The National Institute of Health (NIH) is building a database of medical records from the public to help researchers and clinicians learn more about health. The initiative is taking hold here in Wisconsin as UW-Madison, the Medical College of Wisconsin, and the Marshfield Clinic take to cities and towns with the “All of Us” project.
Professor of kinesiology and medicine at UW-Madison and director of the Collaborative Center for Health Equity, Dorothy Farrar-Edwards is a leader in the Wisconsin effort. She made the choice to share her records because of her family’s history of heart problems. She wants to learn—and for her children and grandchildren to learn—about their family’s risk of heart disease. Others choose to enroll to contribute to larger efforts to improve public health.
When one signs up for All of Us, along with releasing their medical records, they complete a questionnaire and give blood and urine samples. From this information, NIH will get a comprehensive look into demographics, genetics, and medical history.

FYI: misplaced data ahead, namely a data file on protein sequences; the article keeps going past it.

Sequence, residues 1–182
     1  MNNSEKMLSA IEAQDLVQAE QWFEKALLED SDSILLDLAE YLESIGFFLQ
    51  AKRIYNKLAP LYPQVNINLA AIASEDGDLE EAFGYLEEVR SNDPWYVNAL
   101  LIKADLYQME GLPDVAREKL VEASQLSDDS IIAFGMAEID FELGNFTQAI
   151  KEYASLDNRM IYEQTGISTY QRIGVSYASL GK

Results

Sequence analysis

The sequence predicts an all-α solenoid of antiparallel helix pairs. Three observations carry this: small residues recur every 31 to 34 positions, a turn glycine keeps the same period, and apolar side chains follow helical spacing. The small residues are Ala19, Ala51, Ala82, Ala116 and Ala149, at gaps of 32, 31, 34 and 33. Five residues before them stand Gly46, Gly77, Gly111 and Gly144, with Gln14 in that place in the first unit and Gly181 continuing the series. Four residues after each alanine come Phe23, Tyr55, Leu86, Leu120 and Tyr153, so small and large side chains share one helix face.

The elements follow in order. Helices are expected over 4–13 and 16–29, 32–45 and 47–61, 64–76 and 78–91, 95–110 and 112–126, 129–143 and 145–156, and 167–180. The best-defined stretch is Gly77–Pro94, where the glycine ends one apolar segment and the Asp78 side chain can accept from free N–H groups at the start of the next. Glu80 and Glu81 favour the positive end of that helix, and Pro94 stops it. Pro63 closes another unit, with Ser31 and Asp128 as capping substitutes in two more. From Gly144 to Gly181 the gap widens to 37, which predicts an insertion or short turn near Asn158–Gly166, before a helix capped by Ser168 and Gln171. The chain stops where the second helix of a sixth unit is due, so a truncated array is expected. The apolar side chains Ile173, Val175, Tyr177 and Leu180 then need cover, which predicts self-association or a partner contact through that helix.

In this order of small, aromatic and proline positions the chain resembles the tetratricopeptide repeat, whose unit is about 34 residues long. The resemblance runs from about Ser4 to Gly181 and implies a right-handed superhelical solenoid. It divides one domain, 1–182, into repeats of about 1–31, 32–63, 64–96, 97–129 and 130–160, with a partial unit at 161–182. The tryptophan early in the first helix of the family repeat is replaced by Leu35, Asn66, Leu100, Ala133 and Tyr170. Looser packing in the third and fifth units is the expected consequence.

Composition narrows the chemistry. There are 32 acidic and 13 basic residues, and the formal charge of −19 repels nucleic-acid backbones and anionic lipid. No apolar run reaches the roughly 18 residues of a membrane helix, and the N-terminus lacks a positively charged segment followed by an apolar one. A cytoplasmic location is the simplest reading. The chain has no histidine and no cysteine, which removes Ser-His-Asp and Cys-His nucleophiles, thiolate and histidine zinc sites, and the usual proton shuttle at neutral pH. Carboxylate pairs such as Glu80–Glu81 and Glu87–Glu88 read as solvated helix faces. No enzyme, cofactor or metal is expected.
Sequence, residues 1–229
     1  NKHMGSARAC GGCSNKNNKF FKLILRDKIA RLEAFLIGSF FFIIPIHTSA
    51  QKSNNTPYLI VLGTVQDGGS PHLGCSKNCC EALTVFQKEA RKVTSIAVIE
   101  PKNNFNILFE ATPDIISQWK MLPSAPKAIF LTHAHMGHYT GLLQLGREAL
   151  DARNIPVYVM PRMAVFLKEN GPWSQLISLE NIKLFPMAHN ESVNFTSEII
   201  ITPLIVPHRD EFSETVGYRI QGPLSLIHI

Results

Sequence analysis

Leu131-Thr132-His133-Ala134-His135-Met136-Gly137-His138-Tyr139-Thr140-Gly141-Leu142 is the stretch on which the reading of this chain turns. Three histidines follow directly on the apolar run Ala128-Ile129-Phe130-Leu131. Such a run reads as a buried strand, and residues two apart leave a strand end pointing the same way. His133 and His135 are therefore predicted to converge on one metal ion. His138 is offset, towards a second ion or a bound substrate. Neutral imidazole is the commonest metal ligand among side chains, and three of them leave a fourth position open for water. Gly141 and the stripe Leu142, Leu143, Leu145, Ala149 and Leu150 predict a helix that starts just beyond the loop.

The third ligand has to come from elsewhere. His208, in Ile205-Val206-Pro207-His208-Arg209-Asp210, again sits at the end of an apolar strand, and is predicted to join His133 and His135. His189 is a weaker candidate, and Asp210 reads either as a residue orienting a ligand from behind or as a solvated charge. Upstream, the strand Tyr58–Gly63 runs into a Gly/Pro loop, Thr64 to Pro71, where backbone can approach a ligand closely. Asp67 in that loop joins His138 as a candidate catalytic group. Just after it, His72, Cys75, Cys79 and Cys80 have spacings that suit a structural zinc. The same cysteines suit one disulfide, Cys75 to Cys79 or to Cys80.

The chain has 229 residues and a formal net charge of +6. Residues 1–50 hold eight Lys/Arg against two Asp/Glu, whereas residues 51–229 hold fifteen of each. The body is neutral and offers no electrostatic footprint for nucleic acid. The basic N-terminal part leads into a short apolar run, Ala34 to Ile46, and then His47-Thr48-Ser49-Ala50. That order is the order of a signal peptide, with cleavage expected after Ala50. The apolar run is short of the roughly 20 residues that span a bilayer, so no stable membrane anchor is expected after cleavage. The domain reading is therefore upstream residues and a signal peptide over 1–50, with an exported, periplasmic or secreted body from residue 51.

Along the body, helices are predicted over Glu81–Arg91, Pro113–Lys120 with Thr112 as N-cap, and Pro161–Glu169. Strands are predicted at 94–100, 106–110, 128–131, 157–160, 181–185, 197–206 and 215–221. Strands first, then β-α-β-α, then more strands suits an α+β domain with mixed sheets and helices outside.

The database will allow researchers to conduct studies at much quicker speeds using complex computer algorithms to find otherwise unseen patterns in the data. The rise of “precision medicine,” a far more accurate method of medical care, could be furthered by the database. “Precision medicine” takes factors like lifestyle, genetics, and identity to get an idea about what treatment would work best for an individual patient.
Through this effort, Farrar-Edwards wants to bring more representation to the biomedical world, including people living in rural areas, people of color, and people with disabilities.
So far, 155,000 people have enrolled for All of Us nationally. Their information will be a valued addition to the biomedical world and a blueprint for continuing to promote health in others.
To learn more about the program and enroll, click here.
[Sources: The Cap Times; NIH]